WooCommerce comes with a handful of payment gateways that already installed into the base version of the plugin free of charge. They are:
- Direct Bank Transfer
- Cheque Payment
- Cash on Delivery
- Simplify Commerce
Other payment gateways can be added through extensions, still free of charge. They include Amazon Payments and Stripe. Some are available at premium prices, but we’ll get to that later.
3. Sell Anything
WooCommerce is a powerful eCommerce platform, so powerful, it allows you to sell virtually anything on your site. It starts with the typical physical and digital products you’d sell on an eCommerce store, but it continues with things like courses, memberships, subscriptions, and bookings.
4. WooCommerce Shipping
WooCommerce has a lot free and premium shipping plugins and extensions, which we’ll get to in a bit, bud you’d be surprised by how many shipping features it packs into the core version of the plugin.
This includes the following shipping methods:
- Flat Rate
- Local Delivery
- Local Pickup
- Selects the cheapest shipping method available.
It also includes a shipping calculator you can enable on individual product pages as well as the shopping cart page. You can also hide shipping costs altogether until your customer enters an address.
There are also a number of different location-related options you can take advantage of. This includes the ability to restrict shipping destinations based on location as well as the ability to create shipping zones. You can create different shipping zones for different regions and locations and assign different shipping methods and rates to those zones.
There are also a number of different free and premium plugins and extensions available for WooCommerce, as I mentioned above. Some are available on the official website. Some are available on WordPress.org. Some are available on marketplaces like CodeCanyon while others are available on individual developers’ websites.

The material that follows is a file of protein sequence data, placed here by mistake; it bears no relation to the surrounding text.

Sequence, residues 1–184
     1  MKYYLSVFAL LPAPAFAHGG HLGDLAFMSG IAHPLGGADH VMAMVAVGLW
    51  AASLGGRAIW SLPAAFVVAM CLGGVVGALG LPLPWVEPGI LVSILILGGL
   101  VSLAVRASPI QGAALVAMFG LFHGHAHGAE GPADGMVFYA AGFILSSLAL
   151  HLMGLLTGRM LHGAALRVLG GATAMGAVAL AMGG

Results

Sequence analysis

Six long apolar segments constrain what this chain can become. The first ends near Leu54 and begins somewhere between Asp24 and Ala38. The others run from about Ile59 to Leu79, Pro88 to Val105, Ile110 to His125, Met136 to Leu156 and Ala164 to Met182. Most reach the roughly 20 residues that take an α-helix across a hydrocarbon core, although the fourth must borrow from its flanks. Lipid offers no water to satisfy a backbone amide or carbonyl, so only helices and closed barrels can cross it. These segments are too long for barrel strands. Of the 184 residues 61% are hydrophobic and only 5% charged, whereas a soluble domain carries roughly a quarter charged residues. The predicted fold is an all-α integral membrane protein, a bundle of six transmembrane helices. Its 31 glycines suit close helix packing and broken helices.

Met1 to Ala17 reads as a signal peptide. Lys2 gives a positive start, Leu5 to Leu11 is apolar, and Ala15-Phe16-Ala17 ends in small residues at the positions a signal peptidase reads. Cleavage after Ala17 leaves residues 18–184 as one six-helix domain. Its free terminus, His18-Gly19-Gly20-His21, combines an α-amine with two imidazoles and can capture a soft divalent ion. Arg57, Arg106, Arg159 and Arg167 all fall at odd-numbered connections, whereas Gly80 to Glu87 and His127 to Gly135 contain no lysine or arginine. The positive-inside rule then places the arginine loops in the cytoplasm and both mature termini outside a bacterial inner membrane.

These plugins add a variety of different functionalities to your website, including the ability to print invoices and shipping labels, the ability to track shipments as well as the ability to enable postcode/address validity.
5. Marketing & SEO
The marketing and SEO capabilities of the core plugin are modest, but they’re still pretty useful. This includes the SEO benefits built into the core version of WordPress. You can also install several different plugins, such as Yoast, to enhance the SEO capabilities of your store.
You can also offer coupons and enable product reviews on your site to entice customers to buy. There are also numerous functionalities you can add to your store with extensions, including:
- Social Media Integration
- Live Sales Feed
- Product Bundles
- Smart Coupons
- Follow-Up Emails
- Google Product Feed
6. Easy Setup Process
WooCommerce has an easy setup process after you install and activate the plugin. This includes installing core WooCommerce pages, such as Cart, Checkout and Shop, entering location information, such as which currency and units of measurement you use as well as setting up shipping, sales tax and payment gateways.
7. Creating Products is Simple
Creating new products is simple with WooCommerce. You start off by entering a name and description as you would with any other ecommerce platform. You can also choose a product type, from Simple Product to Variable Product, and mark the product as a Virtual or Downloadable product.
You can also add a general price, a sale price, an SKU code and shipping information, specifically the weight, dimensions and shipping class the product has.